This is where we’re avoiding the socket layer entirely, and we’ve moved the transport stack into your app.

So to give you an idea of what this is doing, I want to start with what the legacy model of the stack generally is.

So let’s say that you’re receiving a packet off the network.

It’s the WiFi interface.

That packet will come into the driver, will be sent into the TCP receive buffer within the kernel, and then when your application reads on a socket, that’s going to do a context switch and copy the data up from the kernel into your app, and then generally if you’re doing TLS, it will have to get another transformation to decrypt that data before you can actually send it up to the application.

So how does this look when we do user space networking?

So as you can see, the main change is that we’ve moved the transport stack, TCP and UDP, up into your app.

So what does this give us?

Now, when a packet comes in off the network, comes into the driver like before, but we move it into a memory mapped region that your application automatically can scoop packets out of without doing a copy, without doing extra contexts switch, and start processing the packets automatically.

This way the only transformation we’re doing is the decryption that we have to do anyway for TLS.

This really can reduce the amount of CPU time that it takes to send and receive packets, especially for protocols like UDP in which you’re going to be sending a lot of packets back and forth directly from your application.

So to show how this works and the effect it can have, I want to show you a video that was taken using the same app that Eric showed you earlier to demonstrate UDP performance with user space networking.

So in this example, we’re going to have two videos running simultaneously.

The device on the left is receiving a video stream from an application that was written using sockets.

And the device on the right is going to be receiving exactly the same video stream from a device that has an app written using Network.framework so it can take advantage of the user space networking stack.

And in this case, we’re streaming the video.

It’s just raw frames.

It’s not compressed.

It’s not great quality or anything, but there’s a lot of packets going back and forth.

And we chose specifically for this demonstration to not lower the quality when we hit contention or when we couldn’t send packets fast enough or to not drop anything but just to slow down if we had to.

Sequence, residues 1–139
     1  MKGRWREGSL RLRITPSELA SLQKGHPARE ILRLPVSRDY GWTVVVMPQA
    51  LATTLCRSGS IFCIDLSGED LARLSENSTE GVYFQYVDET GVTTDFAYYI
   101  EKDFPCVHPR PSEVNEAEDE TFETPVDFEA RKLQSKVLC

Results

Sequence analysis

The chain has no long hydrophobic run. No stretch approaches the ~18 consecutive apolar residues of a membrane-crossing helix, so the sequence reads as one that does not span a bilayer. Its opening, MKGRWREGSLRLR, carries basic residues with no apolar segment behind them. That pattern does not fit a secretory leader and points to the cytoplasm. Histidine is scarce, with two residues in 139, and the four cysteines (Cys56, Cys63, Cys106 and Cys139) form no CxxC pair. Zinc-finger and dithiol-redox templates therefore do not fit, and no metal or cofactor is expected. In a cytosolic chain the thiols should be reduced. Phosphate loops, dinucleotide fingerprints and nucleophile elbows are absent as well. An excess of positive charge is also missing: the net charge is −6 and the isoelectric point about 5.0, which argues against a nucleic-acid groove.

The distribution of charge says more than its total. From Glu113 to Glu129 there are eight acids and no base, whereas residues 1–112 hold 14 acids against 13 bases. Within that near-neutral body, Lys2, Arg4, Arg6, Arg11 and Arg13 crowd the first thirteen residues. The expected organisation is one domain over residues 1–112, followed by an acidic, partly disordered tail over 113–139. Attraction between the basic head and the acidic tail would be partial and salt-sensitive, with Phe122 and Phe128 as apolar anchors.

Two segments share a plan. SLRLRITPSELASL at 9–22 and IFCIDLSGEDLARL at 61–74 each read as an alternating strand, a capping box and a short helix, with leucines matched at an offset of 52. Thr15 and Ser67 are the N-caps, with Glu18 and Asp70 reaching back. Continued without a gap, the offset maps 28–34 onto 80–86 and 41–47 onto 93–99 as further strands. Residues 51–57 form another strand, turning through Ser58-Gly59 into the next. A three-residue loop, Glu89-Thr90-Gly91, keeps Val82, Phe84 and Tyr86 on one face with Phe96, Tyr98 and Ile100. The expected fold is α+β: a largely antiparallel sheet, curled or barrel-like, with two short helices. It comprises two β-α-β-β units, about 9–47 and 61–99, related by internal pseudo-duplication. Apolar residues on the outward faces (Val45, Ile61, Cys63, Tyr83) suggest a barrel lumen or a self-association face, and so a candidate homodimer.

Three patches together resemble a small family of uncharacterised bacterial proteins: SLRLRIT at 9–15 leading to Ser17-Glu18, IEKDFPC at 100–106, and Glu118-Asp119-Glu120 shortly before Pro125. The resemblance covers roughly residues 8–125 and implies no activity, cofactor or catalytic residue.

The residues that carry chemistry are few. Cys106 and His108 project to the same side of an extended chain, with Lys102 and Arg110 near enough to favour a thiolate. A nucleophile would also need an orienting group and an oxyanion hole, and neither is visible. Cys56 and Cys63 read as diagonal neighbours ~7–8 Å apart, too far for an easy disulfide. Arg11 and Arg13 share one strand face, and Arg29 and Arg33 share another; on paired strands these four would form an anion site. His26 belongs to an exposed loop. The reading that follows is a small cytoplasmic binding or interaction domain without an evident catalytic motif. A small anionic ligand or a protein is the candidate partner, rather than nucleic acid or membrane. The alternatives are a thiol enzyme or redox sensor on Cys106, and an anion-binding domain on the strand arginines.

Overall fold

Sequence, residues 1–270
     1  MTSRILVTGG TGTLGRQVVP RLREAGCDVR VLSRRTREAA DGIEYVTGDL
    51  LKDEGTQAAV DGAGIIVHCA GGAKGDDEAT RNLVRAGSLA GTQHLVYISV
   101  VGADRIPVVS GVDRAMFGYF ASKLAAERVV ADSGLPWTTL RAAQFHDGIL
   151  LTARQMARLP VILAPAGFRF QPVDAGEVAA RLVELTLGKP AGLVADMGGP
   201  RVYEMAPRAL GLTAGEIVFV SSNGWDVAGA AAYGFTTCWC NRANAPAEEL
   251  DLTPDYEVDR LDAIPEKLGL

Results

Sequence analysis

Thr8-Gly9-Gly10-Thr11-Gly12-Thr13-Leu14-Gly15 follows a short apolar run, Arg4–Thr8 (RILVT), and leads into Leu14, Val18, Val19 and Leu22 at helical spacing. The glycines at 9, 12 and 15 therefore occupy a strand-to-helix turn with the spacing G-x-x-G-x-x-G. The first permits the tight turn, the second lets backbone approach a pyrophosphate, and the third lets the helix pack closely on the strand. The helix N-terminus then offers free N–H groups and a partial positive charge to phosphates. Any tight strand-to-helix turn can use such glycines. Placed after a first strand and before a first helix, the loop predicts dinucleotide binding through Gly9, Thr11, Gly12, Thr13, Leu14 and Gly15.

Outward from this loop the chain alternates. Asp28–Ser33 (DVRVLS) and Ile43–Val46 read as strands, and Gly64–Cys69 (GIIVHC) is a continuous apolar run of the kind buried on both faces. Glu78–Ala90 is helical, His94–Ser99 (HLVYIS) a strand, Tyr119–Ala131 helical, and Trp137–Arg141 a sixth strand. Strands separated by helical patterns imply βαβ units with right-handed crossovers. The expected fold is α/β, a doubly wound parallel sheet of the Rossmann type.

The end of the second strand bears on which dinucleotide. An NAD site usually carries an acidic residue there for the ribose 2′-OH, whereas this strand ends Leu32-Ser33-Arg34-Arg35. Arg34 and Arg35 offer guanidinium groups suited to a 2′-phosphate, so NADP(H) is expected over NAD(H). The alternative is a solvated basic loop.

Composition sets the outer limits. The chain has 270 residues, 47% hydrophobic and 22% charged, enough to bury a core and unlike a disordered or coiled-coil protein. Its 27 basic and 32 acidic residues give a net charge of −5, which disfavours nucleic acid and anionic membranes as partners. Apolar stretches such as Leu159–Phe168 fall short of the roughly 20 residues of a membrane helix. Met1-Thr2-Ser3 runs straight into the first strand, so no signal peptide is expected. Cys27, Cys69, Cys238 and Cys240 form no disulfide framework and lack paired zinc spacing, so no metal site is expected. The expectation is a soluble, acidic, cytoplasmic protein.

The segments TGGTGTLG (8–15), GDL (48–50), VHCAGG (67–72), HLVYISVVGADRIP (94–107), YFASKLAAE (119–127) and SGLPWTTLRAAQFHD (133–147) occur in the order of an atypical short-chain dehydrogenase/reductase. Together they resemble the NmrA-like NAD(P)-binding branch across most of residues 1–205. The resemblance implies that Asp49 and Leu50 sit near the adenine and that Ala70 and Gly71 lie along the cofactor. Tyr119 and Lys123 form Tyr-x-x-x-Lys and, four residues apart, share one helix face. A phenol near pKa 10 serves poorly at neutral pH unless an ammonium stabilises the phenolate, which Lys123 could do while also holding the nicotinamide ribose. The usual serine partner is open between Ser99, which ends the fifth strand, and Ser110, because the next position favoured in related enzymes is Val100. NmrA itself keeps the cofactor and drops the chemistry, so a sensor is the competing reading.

Now this is probably not what your app would do in real life, but it highlights exactly the difference in the performance between these two stacks.

So let’s see it right now.

So there’s exactly the same data, exactly the same frames being sent over as fast as they possibly can, across this network, and we see the one on the right is pretty easily outstripping the one on the left.

And in fact, if you look at the difference, it’s 30 percent less overhead that we’re viewing on the receiver side only.

And this is due to the huge difference that we see in the CPU percentage that it takes to send and receive UDP packets when you compare sockets and user space networking.

Now, of course this is just one example.

This is not going to be what every app is going to be like, because you’re going to be compressing differently.

You’re going to be already trying to make your connections more efficient.

But if you have an app that’s generating live data, especially if you’re using UDP to send and receive a lot of packets, I invite you to try using Network.framework within your app and run it through instruments.

Measure the difference in CPU usage that you have when you’re using Network.framework versus sockets, and I think you’ll be really happy with what you see.

So the last topic we want to talk about today is how we can solve the problems around network mobility, and this is a key area that we’re trying to solve with Network.framework.

And the first step of this is just making sure that we start connections gracefully.

So we already mentioned this, but I want to recap a little bit.

The waiting state is the key thing to handle network transitions when your connection is first coming up.

It will indicate that there’s a lack of connectivity or the connectivity changed while you were in the middle of doing DNS or TCP.

We really encourage you please avoid using APIs like reachability to check the network state before you establish your connection.

That will lead to race conditions and may not provide an accurate picture of what’s actually happening in the connection.

And if you need to make sure that your connection does not establish over a cellular network, don’t check up front is the device currently on a cellular network, because that could change.

Simply restrict the interface types that you want to use using the NWParameters.